Wells marked and gave Cullen a chance, and the goal was duly recorded. Tom Feavor and Cullen had shots for nought, but West got a point. This player – who so closely resembles ‘Snowy’ Atkinson of Fitzroy fame – met with severe injury, and from this out Carrum were a man short.
Frank Allen, in soaring into the air, also got a nasty clout on the way up! Laging got a free and playing to Homsie, a point resulted. “Dido” Feavor sent it to Cullen for a single, but he followed with a goal. Peddle and Francis transferred activities to opposite territory, where a curious incident occurred. A scrimmage was in progress, and from it Hastings kicked for the goal. The ball first struck the goal post, and, as it bounced back, Garth kicked it through. Of course, it wasn’t a goal, but to the astonishment of everybody, the League goal umpire gave it a goal. Carrum were leading by 15 points – 5.9 to 4.0.
The third quarter was spoilt by a series of free fights, in which the most “brawlsome” on the ringside eagerly joined. These fighting maniacs (who, in ordinary circumstances, couldn’t fight their way out of the waxworks) apparently hunt in packs, like wolves, and are only game when they have about 25 to 1 in their favor. They are real excrescences on the game.
But, to the story. Floyd and Carlson were having some fine battles, and, so far as the frees went, Floyd was having slightly the better of it. But, both were taking some fine marks.
Cullen opened the scoring with a point, and Comer had a shot, but the breeze swept it out. Ballinger returned, and Frank Allen played to Alf Tipping, who got a point.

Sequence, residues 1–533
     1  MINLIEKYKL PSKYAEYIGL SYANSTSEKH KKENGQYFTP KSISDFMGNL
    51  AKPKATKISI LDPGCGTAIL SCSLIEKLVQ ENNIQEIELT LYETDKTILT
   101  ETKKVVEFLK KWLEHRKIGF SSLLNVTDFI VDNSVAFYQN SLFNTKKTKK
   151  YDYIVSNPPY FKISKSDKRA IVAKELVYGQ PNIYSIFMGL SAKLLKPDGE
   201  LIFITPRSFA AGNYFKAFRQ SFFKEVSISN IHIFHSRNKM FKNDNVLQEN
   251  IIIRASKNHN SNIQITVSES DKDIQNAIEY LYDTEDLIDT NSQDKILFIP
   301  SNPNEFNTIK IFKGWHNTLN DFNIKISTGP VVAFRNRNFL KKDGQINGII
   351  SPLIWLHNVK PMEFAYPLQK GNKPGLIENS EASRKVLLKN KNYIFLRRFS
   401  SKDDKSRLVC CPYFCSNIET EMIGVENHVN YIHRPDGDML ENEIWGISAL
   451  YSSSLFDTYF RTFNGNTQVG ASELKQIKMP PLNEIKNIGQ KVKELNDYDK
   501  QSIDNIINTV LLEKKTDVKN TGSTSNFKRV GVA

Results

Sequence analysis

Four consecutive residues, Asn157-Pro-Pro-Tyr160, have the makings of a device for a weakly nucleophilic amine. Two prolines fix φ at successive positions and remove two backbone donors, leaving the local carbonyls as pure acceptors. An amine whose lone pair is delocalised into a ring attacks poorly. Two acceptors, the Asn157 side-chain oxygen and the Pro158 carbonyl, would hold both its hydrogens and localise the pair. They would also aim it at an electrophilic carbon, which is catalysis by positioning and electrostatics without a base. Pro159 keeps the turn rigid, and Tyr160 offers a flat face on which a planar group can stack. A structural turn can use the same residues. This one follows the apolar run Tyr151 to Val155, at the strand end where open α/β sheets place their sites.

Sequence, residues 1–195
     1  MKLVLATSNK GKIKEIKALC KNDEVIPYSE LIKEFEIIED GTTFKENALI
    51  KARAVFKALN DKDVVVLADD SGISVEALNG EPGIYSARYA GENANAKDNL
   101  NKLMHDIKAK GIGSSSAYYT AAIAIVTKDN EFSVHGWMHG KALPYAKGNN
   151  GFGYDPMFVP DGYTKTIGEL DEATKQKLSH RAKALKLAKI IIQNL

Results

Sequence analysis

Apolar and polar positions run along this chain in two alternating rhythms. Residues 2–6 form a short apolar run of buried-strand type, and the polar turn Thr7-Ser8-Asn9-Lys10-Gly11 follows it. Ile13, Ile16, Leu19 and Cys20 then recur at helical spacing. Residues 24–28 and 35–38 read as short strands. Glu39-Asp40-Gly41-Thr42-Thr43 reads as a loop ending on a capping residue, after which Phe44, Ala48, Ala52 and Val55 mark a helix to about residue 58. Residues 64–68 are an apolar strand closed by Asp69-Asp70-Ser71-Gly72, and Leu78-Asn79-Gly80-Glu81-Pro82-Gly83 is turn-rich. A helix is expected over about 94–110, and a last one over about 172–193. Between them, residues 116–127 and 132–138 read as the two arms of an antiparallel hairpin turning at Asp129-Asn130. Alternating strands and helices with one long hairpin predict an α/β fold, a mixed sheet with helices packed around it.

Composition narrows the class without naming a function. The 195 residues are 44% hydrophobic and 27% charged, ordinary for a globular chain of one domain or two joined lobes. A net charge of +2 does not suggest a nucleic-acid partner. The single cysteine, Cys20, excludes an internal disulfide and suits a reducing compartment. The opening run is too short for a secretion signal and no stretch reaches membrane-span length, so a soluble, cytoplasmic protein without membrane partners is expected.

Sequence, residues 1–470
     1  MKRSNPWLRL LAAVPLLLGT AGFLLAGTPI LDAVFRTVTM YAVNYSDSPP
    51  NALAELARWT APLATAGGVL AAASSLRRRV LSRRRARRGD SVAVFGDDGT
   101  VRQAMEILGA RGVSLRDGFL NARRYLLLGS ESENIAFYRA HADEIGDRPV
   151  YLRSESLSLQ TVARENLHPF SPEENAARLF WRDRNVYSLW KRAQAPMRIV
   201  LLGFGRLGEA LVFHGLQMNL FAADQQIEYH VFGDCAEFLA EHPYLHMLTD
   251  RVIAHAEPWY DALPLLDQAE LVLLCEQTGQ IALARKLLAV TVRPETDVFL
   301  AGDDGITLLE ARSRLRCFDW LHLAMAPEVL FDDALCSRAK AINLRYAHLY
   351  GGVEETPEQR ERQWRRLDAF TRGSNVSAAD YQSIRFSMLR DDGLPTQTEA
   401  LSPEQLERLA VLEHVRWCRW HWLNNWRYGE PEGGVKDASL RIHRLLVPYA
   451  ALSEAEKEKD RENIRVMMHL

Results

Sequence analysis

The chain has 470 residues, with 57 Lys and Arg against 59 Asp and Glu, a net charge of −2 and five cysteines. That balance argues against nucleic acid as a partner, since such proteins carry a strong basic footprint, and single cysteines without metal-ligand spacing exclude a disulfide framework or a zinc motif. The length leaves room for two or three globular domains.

Carmichael secured and passed to Garth, who registered his fifth goal in succession – a very fine performance.
Then we had some “merry moments.” It happened just in front of the “Press Box” (to wit, the wire fence, with a police man’s horse in front, as a rule). Smith kicked in the ruck, and Alf Tipping got the boot in the ribs. Naturally, Alf didn’t care much about it, so he jobbed Dido Feavor, who had nothing to do with it, but who had arrived just in time to get cracked. “Dido,” not appreciating Alf’s fist, returned the compliment. Then the brave youths from the boundary hopped into it, followed by a posse of police.
Osborne, who, to give him due credit, will not stand any funny business, got them going again.
The incident probably cost Hastings the game, as a couple of the players were like “wild men from Borneo” and several chances were lost. Laging, fouled by one of the “wild men,” got a goal from a free. Back once more, Wells fouled Dalton, who kicked a goal – but only one flag went up. It was certainly a surprising verdict.
As the Irishman might put it, Hastings got a goal they did not get and did not get a goal they did get ! After another bit of bruise, Osborne cautioned Alf Tipping for paying his respects to “Dido” Feavor and “Pompy” Davis. In the meantime, Garth raised the two flags by a clever bit of play. Carrum were leading by 9 points – 6.12 to 6.3.
The final quarter opened with a nice dash by Dalton, but Rigaldi scored the first point. Mirabella was the pick of the field in this quarter, having much the better of the duels with Comer.
But, by design or accident, Mirabella tripped Comer in front, but only a point came of it. Jack, of Hastings, and Tom Feavor and Fred Davis made some spirited dashes. Carrum were attacking and ‘Pompy’ Davis, Cullen and Comer (from a lovely mark) added singles.
The breeze was a bit contrary. After another little fight, Carmichael raised the two flags with a well-timed punt.
Five minutes to go – Hastings wanted 9 points to win. Oliver got a point for Carrum, and Jack added one to Hastings’ score. A great effort was made, the play was fast but fair, every man doing his utmost. In the midst of the excitement, Tom Feavor rushed out, and kicked the final goal, which placed the issue beyond doubt.
Carrum had won the 1921 premiership by 14 points – 7.18 to 7.4.
From the pages of the Frankston and Somerville Standard, 16 September 1921